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Legislation would require city employees to go through ‘implicit and explicit bias’ training

Comes after CPD officers used racial slur
Posted at 9:34 AM, Jan 04, 2019

CINCINNATI -- Mayor John Cranley will introduce legislation that would require city employees, including police officers, to go through “implicit and explicit bias” training.

Cranley announced the legislation in a Friday morning press conference, just days after the Cincinnati Police Department released body camera footage of two police officers using a racial slur.

“Let me be clear … explicit bias is using the N-word, and it’s totally unacceptable,” Cranley said. “And obviously, in light of recent events, we need a refresher on that.”

Officers Donte Hill, who used the word while responding to a domestic disputeSept. 26, and Dennis Barnette, who used the word while arresting a woman at the Brownstone Nightclub Dec. 23, were both restricted to desk duty after the incidents came to light.

Officials recently revised Administrative Regulation 25 so the city’s nondiscrimination policy would be more clear and so it would include “strong but fair” discipline requirements, City Manager Patrick Duhaney said.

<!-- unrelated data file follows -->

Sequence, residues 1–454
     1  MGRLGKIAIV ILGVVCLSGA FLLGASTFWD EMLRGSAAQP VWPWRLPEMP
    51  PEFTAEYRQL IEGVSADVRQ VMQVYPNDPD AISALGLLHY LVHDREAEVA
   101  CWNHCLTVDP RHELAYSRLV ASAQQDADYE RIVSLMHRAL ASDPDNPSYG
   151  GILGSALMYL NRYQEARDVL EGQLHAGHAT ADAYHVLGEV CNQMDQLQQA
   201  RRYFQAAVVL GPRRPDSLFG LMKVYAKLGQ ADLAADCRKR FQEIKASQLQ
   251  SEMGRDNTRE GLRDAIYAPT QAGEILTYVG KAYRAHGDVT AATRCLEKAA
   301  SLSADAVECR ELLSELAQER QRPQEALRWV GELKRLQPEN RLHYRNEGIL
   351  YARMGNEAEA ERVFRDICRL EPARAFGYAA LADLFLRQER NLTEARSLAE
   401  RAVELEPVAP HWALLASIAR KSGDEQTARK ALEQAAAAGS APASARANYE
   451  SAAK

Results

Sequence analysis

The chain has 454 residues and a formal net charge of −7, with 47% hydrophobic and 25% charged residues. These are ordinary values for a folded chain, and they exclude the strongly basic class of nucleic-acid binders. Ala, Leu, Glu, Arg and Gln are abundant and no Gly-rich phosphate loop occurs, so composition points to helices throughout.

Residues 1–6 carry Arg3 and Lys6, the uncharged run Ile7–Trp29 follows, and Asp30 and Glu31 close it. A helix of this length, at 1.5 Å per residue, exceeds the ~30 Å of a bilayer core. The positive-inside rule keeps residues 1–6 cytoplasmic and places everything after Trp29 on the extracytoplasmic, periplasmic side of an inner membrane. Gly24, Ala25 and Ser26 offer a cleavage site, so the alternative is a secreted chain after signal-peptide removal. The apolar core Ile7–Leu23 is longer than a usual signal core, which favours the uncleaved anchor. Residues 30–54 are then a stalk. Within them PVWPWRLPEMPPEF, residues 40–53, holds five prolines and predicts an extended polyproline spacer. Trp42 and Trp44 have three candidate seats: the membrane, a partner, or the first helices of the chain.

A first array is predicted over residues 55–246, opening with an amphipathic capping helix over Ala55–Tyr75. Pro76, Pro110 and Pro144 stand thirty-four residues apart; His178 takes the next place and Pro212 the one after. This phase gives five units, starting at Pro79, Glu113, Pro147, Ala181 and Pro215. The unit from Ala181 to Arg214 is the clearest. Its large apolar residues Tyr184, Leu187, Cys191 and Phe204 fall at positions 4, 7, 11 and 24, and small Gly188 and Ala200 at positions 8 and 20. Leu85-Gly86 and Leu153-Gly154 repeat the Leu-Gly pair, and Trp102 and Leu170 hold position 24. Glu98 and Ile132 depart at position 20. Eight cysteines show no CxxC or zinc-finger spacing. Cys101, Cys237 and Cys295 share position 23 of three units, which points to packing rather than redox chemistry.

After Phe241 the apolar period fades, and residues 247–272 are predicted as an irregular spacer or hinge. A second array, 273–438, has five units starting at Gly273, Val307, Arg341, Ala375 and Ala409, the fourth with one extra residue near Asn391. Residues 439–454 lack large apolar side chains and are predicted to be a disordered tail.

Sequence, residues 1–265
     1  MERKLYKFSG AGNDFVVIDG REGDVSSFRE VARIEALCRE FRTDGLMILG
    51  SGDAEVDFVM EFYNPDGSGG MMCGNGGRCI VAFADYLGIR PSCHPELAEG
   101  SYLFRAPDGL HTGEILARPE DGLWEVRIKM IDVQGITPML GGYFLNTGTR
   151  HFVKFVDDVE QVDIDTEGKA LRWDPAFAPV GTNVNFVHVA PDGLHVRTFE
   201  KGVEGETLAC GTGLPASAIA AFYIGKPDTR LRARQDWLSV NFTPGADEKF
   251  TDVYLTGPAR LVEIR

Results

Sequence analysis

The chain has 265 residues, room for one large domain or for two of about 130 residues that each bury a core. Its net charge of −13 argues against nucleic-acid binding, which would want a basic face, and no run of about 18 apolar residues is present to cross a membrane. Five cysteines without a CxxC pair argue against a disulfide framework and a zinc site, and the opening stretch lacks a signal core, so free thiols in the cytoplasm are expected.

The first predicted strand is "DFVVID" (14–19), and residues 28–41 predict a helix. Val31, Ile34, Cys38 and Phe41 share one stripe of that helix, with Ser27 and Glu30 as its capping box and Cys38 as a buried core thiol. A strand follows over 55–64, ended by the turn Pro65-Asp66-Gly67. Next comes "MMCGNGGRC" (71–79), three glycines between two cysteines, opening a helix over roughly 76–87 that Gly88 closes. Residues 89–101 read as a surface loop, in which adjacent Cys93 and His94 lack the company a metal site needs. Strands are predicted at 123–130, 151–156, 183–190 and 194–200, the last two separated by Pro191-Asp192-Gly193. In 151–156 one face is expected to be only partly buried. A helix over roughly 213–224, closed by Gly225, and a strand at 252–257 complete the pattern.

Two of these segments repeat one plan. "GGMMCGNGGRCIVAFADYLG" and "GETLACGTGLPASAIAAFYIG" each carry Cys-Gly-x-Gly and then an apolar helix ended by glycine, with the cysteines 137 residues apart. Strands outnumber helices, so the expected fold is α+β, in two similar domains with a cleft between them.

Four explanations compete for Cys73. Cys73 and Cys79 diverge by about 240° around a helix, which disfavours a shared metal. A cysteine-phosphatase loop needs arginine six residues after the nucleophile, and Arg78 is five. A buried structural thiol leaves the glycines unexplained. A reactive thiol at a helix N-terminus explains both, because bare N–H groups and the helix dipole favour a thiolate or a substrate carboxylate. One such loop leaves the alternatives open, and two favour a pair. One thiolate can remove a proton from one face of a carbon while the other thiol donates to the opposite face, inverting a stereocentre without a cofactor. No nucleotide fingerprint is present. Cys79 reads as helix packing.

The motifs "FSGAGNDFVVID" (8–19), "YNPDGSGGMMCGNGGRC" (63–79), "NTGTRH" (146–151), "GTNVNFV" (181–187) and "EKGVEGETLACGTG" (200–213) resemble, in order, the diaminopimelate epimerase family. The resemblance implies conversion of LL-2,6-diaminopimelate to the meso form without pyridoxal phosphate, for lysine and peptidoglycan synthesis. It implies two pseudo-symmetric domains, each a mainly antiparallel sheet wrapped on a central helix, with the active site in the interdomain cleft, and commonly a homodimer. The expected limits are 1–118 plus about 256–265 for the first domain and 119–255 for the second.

City employees who use a racial slur will be suspended without pay for 40 hours, and they will have to go through a retraining program. If an employee violates the policy a second time, they will face “punishment which may possibly be termination,” Duhaney said.

Isaac has launched an internal investigation into both of the incidents, and he said findings will be released in the “near future.” Pending a sustained finding, the police officers will face a pre-disciplinary hearing. After the hearing, if the findings are upheld, the officers will be subject to a 40 hour suspension and retraining, Isaac said.

“I personally, as the leader of this organization, I apologize that that word was ever used,” Isaac said. “Again, I know the significance of it. I’ve felt that sting both personally and professionally. I take it personally. It won’t be tolerated. I will do everything I can to ensure it won’t be utilized by anyone that wears this uniform.

“I don’t want the work of the other (over 1,000) officers that are out here on a daily basis doing an exceptional job to be judged by the mistakes of a few … our folks do nothing less than exceptional work. Don’t forget the great work. Don’t let that be lost because we’ve had this occur.”

Cranley will present the legislation to Cincinnati City Council next week.